Ceredigion County Council’s Armed Forces Champion, Councillor Paul Hinge said, “I am delighted that Aberaeron Town Council’s application to dedicate this fantastic green space as a Centenary Field has been accepted by Fields in Trust, and that the County Council was able to support it. It pays an important tribute to those who lost their lives in the First World War, including many young Ceredigion men went to war and didn’t return.
This has been an interesting journey and one that as the Armed Forces Champion and a veteran, I am proud to support.”
A plaque commemorating the status was unveiled by Her Majesty’s Lord Lieutenant of Dyfed, Miss Sara Edwards.
The Mayor of Aberaeron and Local Member, Councillor Elizabeth Evans, said, “Aberaeron residents are rightly proud of Cae Sgwâr’s new status as the designated Centenary Field of Ceredigion, it has a proud history of being the towns recreational field and there isn’t one community in Ceredigion whose children haven’t played on it at some point. It is a fitting commemoration in this hundredth anniversary year of the ending of the First World War and as we remember the past, we also look to the future and Cae Sgwar’s newly protected status in perpetuity as a recreational field, thanks to the Centenary Field Trust.”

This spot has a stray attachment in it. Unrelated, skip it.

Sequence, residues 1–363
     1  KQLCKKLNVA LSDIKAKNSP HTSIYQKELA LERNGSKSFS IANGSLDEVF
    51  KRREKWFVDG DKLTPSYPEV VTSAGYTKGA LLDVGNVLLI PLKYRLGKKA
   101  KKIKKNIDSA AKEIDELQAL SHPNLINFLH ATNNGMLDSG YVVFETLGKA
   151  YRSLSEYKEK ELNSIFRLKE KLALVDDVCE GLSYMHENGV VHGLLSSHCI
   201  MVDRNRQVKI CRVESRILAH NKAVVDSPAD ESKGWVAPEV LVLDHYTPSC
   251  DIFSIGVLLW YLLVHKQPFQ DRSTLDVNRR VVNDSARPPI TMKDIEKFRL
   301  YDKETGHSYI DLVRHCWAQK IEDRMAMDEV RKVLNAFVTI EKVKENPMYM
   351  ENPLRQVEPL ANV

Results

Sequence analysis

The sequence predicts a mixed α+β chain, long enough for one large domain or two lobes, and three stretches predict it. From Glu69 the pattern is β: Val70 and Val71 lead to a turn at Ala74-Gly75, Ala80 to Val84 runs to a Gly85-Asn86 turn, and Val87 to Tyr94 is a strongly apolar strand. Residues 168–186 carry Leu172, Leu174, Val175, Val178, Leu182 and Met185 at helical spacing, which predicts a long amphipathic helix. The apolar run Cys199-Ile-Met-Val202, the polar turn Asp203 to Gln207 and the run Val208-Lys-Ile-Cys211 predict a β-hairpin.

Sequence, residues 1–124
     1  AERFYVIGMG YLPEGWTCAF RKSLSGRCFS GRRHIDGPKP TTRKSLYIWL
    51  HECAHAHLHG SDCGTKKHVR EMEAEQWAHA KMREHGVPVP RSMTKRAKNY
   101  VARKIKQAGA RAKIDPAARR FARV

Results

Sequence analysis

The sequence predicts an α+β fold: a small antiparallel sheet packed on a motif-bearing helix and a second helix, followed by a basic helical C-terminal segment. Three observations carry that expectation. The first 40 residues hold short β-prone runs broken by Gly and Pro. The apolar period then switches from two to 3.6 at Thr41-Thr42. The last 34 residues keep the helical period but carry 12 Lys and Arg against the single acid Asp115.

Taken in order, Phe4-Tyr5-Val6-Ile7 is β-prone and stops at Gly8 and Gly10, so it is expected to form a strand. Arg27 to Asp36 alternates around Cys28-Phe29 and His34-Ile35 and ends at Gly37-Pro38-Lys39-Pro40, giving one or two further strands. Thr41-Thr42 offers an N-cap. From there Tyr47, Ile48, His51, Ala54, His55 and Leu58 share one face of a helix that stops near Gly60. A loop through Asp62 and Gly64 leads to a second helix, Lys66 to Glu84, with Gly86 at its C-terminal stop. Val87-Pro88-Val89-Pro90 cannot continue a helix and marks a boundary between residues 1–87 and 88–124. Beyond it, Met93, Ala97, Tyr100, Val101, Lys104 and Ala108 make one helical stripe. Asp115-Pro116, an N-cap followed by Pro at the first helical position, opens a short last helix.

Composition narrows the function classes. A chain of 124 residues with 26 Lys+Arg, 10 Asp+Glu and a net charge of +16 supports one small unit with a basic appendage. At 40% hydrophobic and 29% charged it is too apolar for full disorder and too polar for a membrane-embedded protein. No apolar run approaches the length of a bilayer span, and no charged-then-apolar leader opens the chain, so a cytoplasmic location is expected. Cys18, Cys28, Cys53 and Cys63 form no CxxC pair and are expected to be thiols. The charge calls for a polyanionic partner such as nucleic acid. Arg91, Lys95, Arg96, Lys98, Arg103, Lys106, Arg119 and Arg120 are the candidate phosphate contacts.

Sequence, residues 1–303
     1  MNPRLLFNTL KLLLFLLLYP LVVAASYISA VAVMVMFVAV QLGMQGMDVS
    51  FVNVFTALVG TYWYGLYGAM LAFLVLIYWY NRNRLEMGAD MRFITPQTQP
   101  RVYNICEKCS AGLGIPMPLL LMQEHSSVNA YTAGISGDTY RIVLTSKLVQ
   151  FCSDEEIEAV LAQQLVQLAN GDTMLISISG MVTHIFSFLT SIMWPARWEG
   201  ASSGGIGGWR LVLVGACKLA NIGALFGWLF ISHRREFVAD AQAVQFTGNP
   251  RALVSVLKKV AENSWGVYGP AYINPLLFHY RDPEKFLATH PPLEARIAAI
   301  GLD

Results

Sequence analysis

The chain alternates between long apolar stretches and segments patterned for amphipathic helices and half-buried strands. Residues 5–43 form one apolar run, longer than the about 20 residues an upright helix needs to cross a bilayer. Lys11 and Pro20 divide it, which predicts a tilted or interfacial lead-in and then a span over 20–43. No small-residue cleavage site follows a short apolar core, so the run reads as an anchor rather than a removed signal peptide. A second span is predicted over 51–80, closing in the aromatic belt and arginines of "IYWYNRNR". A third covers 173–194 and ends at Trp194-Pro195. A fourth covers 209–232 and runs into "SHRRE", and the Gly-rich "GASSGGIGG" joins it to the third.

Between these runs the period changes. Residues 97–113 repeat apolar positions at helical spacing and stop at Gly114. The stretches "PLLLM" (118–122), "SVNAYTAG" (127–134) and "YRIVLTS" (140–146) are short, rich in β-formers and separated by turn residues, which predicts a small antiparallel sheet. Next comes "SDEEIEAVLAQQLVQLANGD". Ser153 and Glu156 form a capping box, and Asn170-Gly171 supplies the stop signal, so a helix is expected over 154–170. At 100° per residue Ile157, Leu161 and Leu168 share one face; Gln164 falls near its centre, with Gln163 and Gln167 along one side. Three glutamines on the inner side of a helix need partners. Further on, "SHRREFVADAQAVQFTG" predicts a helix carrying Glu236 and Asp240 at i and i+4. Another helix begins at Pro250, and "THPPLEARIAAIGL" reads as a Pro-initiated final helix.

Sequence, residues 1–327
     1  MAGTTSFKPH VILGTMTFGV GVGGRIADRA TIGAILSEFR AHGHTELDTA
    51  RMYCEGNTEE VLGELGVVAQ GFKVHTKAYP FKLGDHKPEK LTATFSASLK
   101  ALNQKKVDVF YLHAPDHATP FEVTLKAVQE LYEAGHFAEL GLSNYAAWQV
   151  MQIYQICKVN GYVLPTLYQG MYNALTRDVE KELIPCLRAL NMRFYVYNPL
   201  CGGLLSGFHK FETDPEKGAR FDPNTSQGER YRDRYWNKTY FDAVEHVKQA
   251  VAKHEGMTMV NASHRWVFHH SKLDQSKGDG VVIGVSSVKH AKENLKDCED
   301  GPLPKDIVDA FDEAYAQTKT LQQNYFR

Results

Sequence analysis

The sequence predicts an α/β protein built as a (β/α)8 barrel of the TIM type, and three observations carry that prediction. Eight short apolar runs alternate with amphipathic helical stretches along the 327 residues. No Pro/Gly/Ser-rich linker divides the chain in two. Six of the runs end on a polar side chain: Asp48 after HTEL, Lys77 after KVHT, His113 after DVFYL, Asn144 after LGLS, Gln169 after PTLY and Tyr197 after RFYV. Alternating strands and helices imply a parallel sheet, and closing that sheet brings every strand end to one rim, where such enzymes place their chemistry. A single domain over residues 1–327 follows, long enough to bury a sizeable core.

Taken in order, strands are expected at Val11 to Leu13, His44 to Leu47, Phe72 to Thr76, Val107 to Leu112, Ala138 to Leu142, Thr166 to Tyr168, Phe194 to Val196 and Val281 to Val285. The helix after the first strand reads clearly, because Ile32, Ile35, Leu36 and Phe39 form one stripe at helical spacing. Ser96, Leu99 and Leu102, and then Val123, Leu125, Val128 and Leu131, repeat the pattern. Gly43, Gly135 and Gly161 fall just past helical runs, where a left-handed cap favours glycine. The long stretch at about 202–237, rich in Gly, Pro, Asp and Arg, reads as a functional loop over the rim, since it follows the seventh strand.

A short ceremony was held to unveil the plaque where Miss Edwards, Councillor Hinge and Councillor Evans spoke alongside Ceredigion County Council’s Chairman, Councillor Hag Harris and the Fields in Trust Chairman, Brynmor Williams.
Workshop held on Ceredigion’s economic future
A WORKSHOP was held for Elected Members on Thursday, March 8, to discuss Ceredigion’s Economic Future bringing together some of the county’s biggest organisations to share what they had to offer and what partnership working could look like in the future.
With an introduction and background to Growing Mid Wales by Chief Executive of Ceredigion County Council, Eifion Evans, Ceredigion’s Economic Future Members Workshop proceeded to discuss partnership working with the organisations. Aberystwyth University, Qinetiq Group PLC, West Wales Airport Ltd, Thales Group and Volac International Ltd were in attendance talking about future investment opportunities and outlining significant plans in the county for growth.
Councillor Ellen ap Gwynn, Chair of the Growing Mid Wales Partnership and Ceredigion County Council Leader, said: “Holding this workshop and working together with some of the county’s organisations shows the strong position that we are in to develop. I’m looking forward to seeing the exciting developments of Growing Mid Wales in the coming years and particularly so in terms of longer term prospects. The workshop was very important for Members in making them aware of these opportunities and the session was welcomed by all who attended.”
Significant opportunities were recognised as the Mid Wales region starts to develop its response to the Government on the possibilities for a Growth Deal.